UCLA researchers in the Department of Mechanical Engineering have developed cellular porous metallic and ceramic structures that can be used to increase the production and recovery of tritium for fusion power reactors or as a support for electrode materials.
Reticulated ceramics have generated interest in a wide range of applications, including bioceramics and tritium breeding beds for fusion power reactors. Another promising application is electrode support for fuel cells, capacitors, and batteries. In solid oxide fuel cells (SOFC) high porosity increases the device performance, but as the porosity increases the mechanical properties of the porous ceramics degrade. Thus, there is a need for reticulated ceramic-based electrodes with increased reliability and durability. In tritium breeding solid breeder blankets for fusion power reactors ceramic pebbles are being developed to perform transmutation reactions (n+Li → H3, He). However, these ceramic-based blankets have operational limitations due to poor thermal conductivity between the pebbles, pebble sintering during high temperature transients, and creep deformation that can lead to pebble fragmentation and pebbled-bed reconfiguration.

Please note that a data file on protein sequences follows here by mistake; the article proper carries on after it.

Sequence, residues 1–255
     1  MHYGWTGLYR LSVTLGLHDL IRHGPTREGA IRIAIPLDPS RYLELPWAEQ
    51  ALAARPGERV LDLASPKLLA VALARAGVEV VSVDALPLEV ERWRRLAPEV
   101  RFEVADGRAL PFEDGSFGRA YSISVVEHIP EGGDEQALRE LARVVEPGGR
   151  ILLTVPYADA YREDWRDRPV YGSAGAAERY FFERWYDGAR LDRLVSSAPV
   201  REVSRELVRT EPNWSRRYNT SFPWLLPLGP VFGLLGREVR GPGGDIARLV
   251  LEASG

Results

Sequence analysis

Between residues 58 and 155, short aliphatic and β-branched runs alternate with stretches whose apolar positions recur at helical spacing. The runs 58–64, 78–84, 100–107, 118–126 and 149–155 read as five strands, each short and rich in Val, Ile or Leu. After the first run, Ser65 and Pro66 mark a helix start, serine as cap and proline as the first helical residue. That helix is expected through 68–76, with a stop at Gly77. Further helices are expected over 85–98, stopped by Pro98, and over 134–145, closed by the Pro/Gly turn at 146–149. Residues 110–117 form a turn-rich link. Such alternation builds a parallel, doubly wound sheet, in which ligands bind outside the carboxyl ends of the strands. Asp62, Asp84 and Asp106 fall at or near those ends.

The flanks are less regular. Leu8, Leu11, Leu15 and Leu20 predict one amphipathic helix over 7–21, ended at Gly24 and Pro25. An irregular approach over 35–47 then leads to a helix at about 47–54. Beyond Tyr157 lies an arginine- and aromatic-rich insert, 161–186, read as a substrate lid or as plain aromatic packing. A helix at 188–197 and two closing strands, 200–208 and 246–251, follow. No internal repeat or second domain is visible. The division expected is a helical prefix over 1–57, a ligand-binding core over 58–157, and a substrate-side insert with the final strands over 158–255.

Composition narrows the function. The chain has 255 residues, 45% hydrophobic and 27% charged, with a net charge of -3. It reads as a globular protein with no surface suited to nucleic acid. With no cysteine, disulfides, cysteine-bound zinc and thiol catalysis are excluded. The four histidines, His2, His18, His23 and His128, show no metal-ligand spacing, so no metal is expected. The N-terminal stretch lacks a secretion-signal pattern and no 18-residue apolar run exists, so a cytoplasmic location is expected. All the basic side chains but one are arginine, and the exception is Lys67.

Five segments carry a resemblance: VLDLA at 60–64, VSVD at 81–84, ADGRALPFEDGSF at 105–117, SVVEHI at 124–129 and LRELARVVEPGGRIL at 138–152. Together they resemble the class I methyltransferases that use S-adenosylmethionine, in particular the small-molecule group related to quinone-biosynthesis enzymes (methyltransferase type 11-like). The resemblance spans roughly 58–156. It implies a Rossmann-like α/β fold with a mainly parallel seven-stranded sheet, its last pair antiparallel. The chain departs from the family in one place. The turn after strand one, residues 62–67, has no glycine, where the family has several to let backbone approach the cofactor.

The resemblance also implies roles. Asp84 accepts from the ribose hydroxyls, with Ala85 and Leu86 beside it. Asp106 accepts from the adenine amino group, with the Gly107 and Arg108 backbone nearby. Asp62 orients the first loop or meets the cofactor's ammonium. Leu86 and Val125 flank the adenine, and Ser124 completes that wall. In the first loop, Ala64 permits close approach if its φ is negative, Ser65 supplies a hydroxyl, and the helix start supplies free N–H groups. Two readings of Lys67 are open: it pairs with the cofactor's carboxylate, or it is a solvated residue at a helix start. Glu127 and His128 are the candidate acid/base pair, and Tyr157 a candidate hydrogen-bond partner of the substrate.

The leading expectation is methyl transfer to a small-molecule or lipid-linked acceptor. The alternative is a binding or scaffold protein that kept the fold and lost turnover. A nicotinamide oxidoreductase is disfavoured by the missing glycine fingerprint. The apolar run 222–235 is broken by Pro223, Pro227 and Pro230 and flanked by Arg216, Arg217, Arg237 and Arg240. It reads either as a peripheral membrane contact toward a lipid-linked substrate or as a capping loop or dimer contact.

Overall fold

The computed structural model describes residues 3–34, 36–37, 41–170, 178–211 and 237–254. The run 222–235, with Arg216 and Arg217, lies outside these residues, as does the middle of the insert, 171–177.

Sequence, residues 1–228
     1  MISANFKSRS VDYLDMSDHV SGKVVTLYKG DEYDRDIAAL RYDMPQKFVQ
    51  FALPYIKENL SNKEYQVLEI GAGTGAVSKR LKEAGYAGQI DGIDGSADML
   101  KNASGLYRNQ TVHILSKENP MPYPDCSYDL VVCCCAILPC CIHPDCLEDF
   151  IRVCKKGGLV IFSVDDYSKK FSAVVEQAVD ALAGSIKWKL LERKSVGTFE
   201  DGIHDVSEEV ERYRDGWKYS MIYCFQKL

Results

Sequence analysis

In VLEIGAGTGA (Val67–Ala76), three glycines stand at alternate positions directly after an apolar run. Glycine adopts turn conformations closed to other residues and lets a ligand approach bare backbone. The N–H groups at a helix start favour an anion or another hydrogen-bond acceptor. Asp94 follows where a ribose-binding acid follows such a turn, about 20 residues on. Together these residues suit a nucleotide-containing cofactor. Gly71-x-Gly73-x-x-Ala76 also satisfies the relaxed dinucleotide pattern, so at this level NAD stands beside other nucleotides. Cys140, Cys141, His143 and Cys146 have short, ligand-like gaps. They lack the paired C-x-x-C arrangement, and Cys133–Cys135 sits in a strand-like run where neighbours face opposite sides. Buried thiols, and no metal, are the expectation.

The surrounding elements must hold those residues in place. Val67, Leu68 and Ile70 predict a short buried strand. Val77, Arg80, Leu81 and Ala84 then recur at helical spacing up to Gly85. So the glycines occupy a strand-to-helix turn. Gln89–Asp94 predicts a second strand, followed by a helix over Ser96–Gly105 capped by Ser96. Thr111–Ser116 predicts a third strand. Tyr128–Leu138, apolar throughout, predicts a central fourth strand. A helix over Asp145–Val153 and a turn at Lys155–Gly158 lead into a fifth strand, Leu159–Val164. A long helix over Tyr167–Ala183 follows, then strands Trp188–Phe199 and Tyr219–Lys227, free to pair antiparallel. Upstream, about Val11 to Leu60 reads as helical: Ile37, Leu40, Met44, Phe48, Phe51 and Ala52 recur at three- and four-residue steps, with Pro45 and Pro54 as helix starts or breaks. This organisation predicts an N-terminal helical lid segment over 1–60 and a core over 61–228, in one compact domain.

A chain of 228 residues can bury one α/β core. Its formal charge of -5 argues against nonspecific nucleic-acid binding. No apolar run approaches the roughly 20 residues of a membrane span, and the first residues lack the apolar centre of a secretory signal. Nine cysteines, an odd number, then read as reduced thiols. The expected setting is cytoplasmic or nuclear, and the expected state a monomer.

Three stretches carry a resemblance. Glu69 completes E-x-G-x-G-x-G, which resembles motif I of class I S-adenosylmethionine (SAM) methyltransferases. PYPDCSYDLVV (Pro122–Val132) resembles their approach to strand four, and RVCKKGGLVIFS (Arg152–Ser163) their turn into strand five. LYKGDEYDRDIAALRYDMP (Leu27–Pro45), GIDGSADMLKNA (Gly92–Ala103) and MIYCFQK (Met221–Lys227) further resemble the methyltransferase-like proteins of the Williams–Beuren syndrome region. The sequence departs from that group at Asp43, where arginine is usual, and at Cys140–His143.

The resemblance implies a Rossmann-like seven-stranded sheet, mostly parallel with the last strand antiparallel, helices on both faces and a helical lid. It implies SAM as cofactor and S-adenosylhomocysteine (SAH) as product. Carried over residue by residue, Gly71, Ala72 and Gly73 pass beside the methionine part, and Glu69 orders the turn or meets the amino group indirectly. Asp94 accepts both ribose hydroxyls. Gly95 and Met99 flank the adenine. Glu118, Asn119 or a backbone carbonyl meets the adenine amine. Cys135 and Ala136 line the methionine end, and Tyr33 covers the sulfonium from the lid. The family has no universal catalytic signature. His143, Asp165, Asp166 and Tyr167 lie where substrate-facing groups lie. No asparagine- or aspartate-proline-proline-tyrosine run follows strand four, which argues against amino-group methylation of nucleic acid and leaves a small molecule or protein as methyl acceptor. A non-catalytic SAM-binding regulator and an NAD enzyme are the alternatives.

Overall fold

UCLA researchers have developed reticulated metallic and ceramic bulk structures with an internal network of interconnected microchannels than can breed/filter tritium for fusion power reactors with high efficiency, and which could be used for electrode supports infuel cells, capacitors, and batteries. The cellular ceramic structures offer a 25 to 40% increase in tritium breeding material density (such as Li2ZrO3, Li4SiO4, Li2TiO4) in comparison to pebble-based beds. These structures have nearly double the thermal conductivity and an increased range of operating conditions for other chemical applications. The structures avoid high temperature sintering of pebbles and maintain their geometry. Moreover, the structures are free-standing bulk materials which have improved mechanical properties, resulting in the ability to withstand large temperature gradients (~50 °C/mm), and reduced creep (note: thermal expansion is not affected by much). The improved heat transfer coefficient between containment walls and ceramic reduces thermal gradients and thermal stress induced failures.
|United States Of America||Issued Patent||9,881,699||01/30/2018||2013-744|
metallic, ceramic network structures, chemical reactors, tritium, cellular, sphere-packed pebble beds, porous structures, high temperature sintering